I'm trying to create a NSOperationQueue and add a NSOperation to it. Later I wan't to check if the queue is running and maybe abort it. All of that is supposed to be called from within different functions. What's the best approach to do this? I would be glad for a code example. Thanks!

  • 1
    It doesn't really answer your question but Grand Central Dispatch offer global queues out of the box. – gcamp May 15 '12 at 15:28
  • This could be the answer I was looking for. Thank you very much! – Niko May 15 '12 at 15:29
  • I managed to create and add a queue but I can't figure out how to cancel a task in the queue. – Niko May 15 '12 at 16:51
  • That's one of the caveats of GCD. stackoverflow.com/questions/5449469/… – gcamp May 15 '12 at 18:15

I would create an operation queue that's managed by a singleton.

First, create your singleton class. It will provide access to the NSOperationQueue. Let's call the singleton MyGlobalQueueManager.

It will have an ivar called myGlobalQueue:

@property (nonatomic) NSOperationQueue* myGlobalQueue;

In the .m file of MyGlobalQueueManager, create a fairly standard init method that will set up the operation queue:

- (id)init
    self = [super init];
    if (self)
        myGlobalOperationQueue = [[NSOperationQueue alloc] init];
    return self;

Now, the method that provides itself as a singleton. Again, this is pretty standard stuff:

 + (MyGlobalQueueManager *)sharedInstance
    static MyGlobalQueueManager *sharedInstance = nil;
    static dispatch_once_t isDispatched;

    dispatch_once(&isDispatched, ^
                      sharedInstance = [[MyGlobalQueueManager alloc] init];

    return sharedInstance;

Let's access that queue from wherever you want to use it:

MyGlobalQueueManager* myGlobalQueueManager = [MyGlobalQueueManager sharedInstance];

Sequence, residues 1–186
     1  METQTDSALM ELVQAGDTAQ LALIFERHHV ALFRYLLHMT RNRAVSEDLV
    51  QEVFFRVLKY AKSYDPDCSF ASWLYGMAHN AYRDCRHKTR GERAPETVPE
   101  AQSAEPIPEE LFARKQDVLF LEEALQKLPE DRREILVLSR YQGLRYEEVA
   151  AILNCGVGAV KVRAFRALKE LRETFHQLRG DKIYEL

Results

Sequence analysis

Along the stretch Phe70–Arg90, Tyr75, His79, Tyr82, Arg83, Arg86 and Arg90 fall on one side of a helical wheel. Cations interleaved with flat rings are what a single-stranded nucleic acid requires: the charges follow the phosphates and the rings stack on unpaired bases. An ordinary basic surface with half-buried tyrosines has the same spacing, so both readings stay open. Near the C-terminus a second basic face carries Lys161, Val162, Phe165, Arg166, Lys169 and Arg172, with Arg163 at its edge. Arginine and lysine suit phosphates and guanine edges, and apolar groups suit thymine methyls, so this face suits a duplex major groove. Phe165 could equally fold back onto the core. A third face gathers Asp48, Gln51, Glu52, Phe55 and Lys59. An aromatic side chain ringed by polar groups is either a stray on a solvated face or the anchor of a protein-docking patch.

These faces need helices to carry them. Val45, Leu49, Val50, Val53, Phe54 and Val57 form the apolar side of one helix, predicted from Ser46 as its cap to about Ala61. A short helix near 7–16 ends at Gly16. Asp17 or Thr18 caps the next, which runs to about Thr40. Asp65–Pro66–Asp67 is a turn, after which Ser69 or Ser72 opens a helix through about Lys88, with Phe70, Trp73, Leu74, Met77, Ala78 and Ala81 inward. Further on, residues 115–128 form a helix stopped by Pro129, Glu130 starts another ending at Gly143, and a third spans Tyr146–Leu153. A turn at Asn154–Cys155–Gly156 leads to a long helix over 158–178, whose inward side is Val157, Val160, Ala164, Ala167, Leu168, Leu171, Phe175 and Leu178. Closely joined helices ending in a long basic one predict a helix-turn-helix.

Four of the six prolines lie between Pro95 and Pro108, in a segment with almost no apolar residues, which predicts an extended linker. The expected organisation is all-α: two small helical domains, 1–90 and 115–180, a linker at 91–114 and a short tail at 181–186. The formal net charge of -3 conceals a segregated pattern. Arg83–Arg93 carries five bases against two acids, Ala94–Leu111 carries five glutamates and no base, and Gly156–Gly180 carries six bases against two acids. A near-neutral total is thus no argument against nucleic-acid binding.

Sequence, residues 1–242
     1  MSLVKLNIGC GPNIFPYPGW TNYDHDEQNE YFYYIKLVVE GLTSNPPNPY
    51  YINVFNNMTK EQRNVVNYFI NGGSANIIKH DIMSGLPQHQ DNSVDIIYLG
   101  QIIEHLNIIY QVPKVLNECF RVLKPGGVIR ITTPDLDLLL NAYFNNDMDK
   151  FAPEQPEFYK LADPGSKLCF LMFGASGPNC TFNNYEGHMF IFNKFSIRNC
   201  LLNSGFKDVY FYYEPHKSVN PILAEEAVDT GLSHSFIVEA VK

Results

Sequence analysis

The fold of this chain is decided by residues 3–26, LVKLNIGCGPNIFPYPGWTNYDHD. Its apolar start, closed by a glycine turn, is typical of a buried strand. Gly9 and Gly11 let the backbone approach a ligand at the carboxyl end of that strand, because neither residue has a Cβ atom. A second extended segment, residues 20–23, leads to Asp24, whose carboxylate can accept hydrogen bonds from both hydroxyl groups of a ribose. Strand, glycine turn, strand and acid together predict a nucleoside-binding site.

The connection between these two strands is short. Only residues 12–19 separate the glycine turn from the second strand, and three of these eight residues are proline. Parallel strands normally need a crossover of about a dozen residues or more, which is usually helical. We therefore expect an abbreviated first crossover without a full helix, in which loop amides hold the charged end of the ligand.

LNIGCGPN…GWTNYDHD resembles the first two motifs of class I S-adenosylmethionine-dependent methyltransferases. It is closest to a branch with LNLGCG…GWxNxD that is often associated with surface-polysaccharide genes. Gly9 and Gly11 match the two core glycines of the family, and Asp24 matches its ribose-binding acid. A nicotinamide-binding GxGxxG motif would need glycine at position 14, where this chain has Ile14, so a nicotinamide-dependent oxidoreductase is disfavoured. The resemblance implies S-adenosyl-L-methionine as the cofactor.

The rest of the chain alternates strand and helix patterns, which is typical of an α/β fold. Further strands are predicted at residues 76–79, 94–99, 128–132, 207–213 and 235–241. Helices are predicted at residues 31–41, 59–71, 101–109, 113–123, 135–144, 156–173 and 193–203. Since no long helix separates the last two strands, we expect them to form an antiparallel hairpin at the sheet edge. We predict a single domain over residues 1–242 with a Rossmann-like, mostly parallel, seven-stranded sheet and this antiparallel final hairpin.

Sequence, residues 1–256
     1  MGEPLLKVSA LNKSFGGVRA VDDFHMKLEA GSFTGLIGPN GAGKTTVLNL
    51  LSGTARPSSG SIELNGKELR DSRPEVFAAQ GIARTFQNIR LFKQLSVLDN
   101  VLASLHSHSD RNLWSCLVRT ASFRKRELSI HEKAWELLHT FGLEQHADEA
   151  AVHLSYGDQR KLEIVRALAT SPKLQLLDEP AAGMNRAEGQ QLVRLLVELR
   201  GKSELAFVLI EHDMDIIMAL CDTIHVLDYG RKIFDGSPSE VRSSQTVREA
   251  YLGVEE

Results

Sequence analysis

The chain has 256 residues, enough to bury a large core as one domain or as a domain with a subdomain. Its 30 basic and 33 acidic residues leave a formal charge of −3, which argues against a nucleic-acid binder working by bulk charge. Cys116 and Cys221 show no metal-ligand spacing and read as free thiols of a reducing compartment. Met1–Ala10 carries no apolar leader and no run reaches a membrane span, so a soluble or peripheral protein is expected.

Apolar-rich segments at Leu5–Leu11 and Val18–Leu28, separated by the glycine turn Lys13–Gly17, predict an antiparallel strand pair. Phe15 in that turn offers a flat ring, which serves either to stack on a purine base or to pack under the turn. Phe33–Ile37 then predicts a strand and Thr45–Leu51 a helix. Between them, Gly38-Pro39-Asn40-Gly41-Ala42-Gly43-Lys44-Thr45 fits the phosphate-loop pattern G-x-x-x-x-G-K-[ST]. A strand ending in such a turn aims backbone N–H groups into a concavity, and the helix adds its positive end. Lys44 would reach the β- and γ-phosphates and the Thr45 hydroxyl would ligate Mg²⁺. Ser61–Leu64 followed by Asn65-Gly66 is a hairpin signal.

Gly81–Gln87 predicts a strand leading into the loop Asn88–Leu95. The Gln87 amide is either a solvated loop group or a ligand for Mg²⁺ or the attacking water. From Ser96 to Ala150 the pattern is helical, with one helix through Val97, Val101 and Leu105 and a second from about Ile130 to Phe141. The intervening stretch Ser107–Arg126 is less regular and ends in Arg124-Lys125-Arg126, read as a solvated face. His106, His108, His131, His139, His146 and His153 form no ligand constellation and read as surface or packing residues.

NSOperationQueue *myGlobalQueue = myGlobalQueueManager.myGlobalOperationQueue;

You can then add operations to that queue as you fancy.

How to know if anythings queued?

NSUInteger count = [myGlobalQueue operationCount];

How to abort? Cancel everything as follows:

[myGlobalQueue cancelAllOperations];

Cancelling of course depends on the operations. If you're writing custom NSOperation classes, you'll need to handle that yourself.

I find NSOperation and NSOperationQueue to be fairly easy to use and quite straightforward.

A great document to read for all this is the Concurrency Programming Guide. Specifically, have a look at Operation Queues

  • Hey @Max MacLeod if I have two uicontrollers and in first in viewWillDisappear call function cancelAllOperations on Singleton's Queue will it make effect on NSOpearation that I start in 2nd viewcontroller's viewdidload where first is pushing 2nd by navigation controller? – Łukasz Szpyrka Jul 23 '14 at 13:48
  • 1
    In that case I would have a queue in each view controller. Otherwise it becomes more complicated. Have a look at the MVCNetworking sample project provided by Apple. It demonstrates a network manager singleton that operates three or four different queues. – Max MacLeod Jul 23 '14 at 14:32

An easier way to do it is to make a "globally visible" function. AKA, declare it in a public header:

extern NSOperationQueue * SharedQueue();

and define it within your compilation "unit" - but outside any @implementation.

NSOperationQueue *SharedOperationQueue()
  static NSOperationQueue * _SharedQueue = nil;
  return _SharedQueue ?: ^{ _SharedQueue = NSOperationQueue.new;
                            _SharedQueue.maxConcurrentOperationCount = NSOperationQueueDefaultMaxConcurrentOperationCount;
                     return _SharedQueue;

As a little bonus.. #define it with an "alias".. and you can REALLy abuse it!

#define MY_SOQ SharedOperationQueue()

[MY_SOQ addOperationWithBlock:^{ /* GO CRAZY */ }];

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